The post war era saw the production of vinyl resins started, the use of vinyl films, molded automotive acrylic taillights and back-lighted signs introduced, and the first etched circuit boards developed. The injection molding process entered commercial production. Due to the newness of the materials, the properties and behavior of the plastic materials were not well understood. Many products were introduced that failed, creating a negative impression about plastics in the public's mind.

  Chemists continued the development of materials, such as ABS, acetals, polyvinyl fluoride, ionomers, and polycarbonate. The injection molding, thermoforming, extrusion, transfermolding, and casting processes were all improved. This allowed the industry to provide an even greater number of cost-effective products suitable for many, more demanding engineering applications.

In the early days...
  Bakelite (phenolic resin) is most often actually a product called Catalin. Both, along with Plaskon, are formaldehyde based plastics. Allow me to expand (with liberal borrowing from Dr. Stephen Z. Fadem - a true expert).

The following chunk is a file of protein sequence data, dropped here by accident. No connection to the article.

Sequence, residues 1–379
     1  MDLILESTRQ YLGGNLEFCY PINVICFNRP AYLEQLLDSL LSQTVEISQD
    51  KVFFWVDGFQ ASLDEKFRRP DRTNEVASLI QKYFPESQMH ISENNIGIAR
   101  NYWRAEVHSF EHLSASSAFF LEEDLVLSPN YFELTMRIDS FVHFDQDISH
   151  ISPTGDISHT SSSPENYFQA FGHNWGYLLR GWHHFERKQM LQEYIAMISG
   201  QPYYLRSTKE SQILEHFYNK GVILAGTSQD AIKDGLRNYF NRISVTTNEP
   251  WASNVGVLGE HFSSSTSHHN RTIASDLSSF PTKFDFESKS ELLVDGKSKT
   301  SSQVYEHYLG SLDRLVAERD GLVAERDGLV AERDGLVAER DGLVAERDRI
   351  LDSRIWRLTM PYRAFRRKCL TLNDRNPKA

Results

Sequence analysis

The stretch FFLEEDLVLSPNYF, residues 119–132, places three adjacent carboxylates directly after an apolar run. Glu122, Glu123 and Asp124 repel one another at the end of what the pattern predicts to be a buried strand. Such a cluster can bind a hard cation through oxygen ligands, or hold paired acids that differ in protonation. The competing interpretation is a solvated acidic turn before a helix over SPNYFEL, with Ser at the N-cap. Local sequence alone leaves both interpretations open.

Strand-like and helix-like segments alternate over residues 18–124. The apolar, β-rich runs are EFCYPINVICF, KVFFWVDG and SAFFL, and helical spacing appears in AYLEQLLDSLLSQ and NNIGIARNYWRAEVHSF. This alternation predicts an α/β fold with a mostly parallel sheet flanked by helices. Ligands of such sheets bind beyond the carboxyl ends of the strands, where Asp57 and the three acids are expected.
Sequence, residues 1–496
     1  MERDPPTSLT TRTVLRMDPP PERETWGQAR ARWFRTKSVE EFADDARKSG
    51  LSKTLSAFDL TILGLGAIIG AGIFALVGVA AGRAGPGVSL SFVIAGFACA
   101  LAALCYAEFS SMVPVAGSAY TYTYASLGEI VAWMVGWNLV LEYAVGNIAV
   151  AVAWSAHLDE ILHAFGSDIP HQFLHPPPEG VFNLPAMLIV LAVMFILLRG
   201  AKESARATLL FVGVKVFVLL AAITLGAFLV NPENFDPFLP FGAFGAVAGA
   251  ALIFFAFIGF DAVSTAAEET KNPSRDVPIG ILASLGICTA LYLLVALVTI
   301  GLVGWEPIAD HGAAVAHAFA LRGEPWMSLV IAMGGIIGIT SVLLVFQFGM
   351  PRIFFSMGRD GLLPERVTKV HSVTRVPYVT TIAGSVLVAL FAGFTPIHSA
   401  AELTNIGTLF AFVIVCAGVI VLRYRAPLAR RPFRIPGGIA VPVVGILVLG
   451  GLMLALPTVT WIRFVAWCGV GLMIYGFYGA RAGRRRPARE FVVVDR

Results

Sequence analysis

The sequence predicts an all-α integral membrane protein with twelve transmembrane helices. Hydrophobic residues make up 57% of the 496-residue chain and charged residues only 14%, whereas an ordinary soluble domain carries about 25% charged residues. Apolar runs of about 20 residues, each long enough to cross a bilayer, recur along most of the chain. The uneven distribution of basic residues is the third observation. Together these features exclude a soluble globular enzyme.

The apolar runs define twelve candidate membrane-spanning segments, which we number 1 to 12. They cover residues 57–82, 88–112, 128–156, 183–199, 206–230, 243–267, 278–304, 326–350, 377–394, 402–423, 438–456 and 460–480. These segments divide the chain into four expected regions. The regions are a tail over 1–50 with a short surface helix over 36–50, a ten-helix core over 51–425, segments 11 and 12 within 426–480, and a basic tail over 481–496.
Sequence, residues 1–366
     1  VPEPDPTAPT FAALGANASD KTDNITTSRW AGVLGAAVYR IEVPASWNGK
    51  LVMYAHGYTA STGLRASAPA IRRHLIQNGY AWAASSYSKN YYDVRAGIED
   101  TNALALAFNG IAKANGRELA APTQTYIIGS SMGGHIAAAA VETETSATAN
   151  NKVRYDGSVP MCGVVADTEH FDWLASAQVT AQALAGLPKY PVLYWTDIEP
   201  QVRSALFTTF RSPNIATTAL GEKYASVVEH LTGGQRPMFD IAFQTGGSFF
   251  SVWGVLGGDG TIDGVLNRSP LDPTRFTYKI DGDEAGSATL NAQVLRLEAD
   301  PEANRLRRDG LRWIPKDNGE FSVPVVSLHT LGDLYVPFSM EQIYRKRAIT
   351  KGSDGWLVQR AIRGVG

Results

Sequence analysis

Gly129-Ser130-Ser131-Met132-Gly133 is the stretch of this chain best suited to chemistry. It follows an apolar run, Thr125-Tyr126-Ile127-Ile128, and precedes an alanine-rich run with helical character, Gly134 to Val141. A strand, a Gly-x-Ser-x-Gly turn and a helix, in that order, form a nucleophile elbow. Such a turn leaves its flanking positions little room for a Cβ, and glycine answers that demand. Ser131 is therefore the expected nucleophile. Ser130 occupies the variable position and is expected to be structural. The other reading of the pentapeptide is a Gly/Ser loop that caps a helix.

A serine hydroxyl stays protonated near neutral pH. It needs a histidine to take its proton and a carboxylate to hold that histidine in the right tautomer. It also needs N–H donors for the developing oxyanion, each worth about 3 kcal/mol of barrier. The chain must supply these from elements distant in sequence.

Around the turn of the century, the Belgian born scientist Dr. Leo Baekeland, working as an independent chemist, came upon the compound quite by accident. He sold his rights to Velox to Eastman Kodak for three quarters of a million dollars and started developing a less flammable bowling alley floor shellac; bowling was becoming the latest rage in New York City. Dr. Baekeland soon realized that a resin that was both insoluble and infusible could have a much wider appeal when used as a molding compound. He obtained a patent and started the Bakelite Corporation around 1910.

  Phenolic resin could be produced in a multitude of colors, commonly yellow, brown, butterscotch, green and red. Omitting the pigment could produce a transparent or translucent effect. The resin could be molded or cast, depending on variations in the formula. For molding, the formula was cooked until resinous, spread out in thin sheets to harden, then ground to a fine consistency. At this point, powdered fillers and pigment were added, to enable the resin to be molded and to add color. This mixture was then put through hot rollers which created large sheets of colored, hardened resin. These sheets were then ground into a very fine powder which was molded under high heat and pressure into the final product form. As a molded material the resin's drawback was the limited range of colors which could be created. For casting, the formula was modified slightly, enabling the resin to be poured into lead molds and then cured in ovens until it polymerized into a hard substance. The liquid resin could be tinted to any color or "marbleized" by mixing two colors together.